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New school year brings more security to CMS

This week’s shooting at an elementary school in Georgia was a reminder to CMS administrators why the school system is making a $19.3 million upgrade to security.

On Tuesday, a man with an assault rifle and other weapons exchanged gunfire with officers at an elementary school in Decatur, Ga., before surrendering. No one was injured, but the suspect exchanged gunfire with police.

Charlotte-Mecklenburg Schools doesn’t plan further changes because of the shooting, CMS interim police Chief Randy Hagler said.

“We already had stepped up security measures,” Hagler said Wednesday.

Some of those changes will be visible when classes begin.

Students will be issued identification tags and will be required to wear them at all times. Visitors to campus will have to buzz in at the front doors, which will be locked. Dozens of security cameras will be in place at each school.

“We are taking every step possible to keep our students, staff and visitors safe,” Hagler said.

Some of the preparations are taking place out of the public eye. CMS and police have conducted at least five drills in the past two months, simulating a shooter-on-campus scenario.

And some safety measures are still playing out. CMS is studying the best way to control access at six high schools that have buildings spread out over large campuses -- East Meck, Harding, Myers Park, South Meck, West Charlotte and West Meck -- while allowing students enough freedom to change classes.

Principals at all CMS schools are conducting classes with teachers and other staff members to go over stepped-up security measures.

Mecklenburg County commissioners last spring approved the extra funding to CMS for improved campus security, in the wake of deadly shootings in Connecticut and last year in Chardon, Ohio.

Some of the measures got a dry run last spring at James Martin Middle School in the University City area. On Wednesday, Martin Middle Principal Jeremy Batchelor said he was impressed at how well the system worked – specifically, the locked front door and buzzer system, and the student ID tags.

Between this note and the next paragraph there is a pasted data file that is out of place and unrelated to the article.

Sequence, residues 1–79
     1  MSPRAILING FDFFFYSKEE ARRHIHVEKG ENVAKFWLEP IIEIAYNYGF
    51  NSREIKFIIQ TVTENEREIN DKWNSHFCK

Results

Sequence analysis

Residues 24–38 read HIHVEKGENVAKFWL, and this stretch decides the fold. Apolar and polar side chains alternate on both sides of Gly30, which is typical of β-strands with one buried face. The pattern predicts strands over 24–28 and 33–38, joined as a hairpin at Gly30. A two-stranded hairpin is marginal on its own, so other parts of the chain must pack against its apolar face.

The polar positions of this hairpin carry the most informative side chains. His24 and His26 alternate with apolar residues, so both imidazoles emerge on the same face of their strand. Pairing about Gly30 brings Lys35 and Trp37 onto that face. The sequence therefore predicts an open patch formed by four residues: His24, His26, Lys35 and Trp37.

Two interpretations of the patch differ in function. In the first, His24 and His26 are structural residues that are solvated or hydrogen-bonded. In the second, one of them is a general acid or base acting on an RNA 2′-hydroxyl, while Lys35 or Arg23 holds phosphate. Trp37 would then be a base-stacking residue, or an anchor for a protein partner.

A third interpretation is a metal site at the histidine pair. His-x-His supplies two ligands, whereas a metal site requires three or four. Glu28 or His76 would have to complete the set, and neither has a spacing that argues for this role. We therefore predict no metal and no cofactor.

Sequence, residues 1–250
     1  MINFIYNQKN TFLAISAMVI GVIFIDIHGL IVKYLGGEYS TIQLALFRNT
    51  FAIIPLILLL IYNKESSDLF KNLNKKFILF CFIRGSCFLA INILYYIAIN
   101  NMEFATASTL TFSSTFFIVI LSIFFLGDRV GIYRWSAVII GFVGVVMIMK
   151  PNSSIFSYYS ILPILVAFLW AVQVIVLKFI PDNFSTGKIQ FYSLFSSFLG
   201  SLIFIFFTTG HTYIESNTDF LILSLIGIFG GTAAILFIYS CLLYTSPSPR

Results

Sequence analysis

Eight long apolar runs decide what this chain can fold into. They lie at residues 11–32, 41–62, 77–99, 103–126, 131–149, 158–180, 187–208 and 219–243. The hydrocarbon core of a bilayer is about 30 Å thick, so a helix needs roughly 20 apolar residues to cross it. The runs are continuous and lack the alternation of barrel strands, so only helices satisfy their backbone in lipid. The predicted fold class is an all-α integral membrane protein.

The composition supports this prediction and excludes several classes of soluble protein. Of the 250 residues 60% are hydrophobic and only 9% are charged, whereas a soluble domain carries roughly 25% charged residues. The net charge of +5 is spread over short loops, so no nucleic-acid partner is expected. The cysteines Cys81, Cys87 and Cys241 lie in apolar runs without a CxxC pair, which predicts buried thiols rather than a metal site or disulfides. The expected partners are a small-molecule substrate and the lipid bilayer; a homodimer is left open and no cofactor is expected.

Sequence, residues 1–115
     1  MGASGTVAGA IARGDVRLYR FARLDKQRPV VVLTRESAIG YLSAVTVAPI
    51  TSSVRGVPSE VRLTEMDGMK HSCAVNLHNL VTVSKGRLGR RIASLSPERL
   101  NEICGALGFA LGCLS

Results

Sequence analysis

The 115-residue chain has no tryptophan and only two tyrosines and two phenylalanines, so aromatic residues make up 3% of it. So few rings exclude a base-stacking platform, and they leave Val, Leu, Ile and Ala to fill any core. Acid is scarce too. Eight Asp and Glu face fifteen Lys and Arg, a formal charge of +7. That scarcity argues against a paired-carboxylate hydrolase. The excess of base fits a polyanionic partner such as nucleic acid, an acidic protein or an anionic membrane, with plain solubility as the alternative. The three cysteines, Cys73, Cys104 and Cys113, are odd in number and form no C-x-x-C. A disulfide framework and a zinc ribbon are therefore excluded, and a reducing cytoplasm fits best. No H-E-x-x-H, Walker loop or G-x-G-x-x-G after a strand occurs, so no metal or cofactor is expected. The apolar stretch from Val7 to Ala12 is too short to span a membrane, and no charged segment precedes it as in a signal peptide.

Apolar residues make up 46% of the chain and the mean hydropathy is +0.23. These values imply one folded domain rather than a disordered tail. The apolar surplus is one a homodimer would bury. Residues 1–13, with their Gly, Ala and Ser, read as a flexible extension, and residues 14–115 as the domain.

“The kids were really good,” Batchelor said. “A few of them didn’t like their photos, and we had cases when the tags were lost. But we had a time each day when we made new tags.”

Batchelor said the tags help administrators determine who should and shouldn’t be on campus.

He said parents also responded well to the increased entrance security measures.

“I don’t recall a single parent complaining,” he said. “They all seemed appreciative.”

CMS worked with Bridgeway Solutions to produce the ID tags. The tags carry the individual schools’ colors and mascots and include photos. They also can be used at cafeteria cashier stations, and CMS spokeswoman Tahira Stalberte said the cards eventually could be used to check out materials from media centers.

“It really speeds up the lunch process,” Stalberte said.

Hagler said the key part of the security improvements surround tightening access to the schools by visitors. Those pressing the buzzer at front doors will be asked for their names and the reason they are visiting. Batchelor said Martin Middle set up a separate greeting station in the hallway, just inside the front door.

There are other security enhancements.

The number of cameras on school property has been increased from 2,500 to 6,500. There will be about 75 cameras at most high schools, 48 at middle schools, and 24 at elementary schools. Front-office personnel will be able to press so-called “panic buttons” to alert police, if they see anything suspicious happening on the cameras.

Lyttle: 704-358-6107; Twitter: @slyttle
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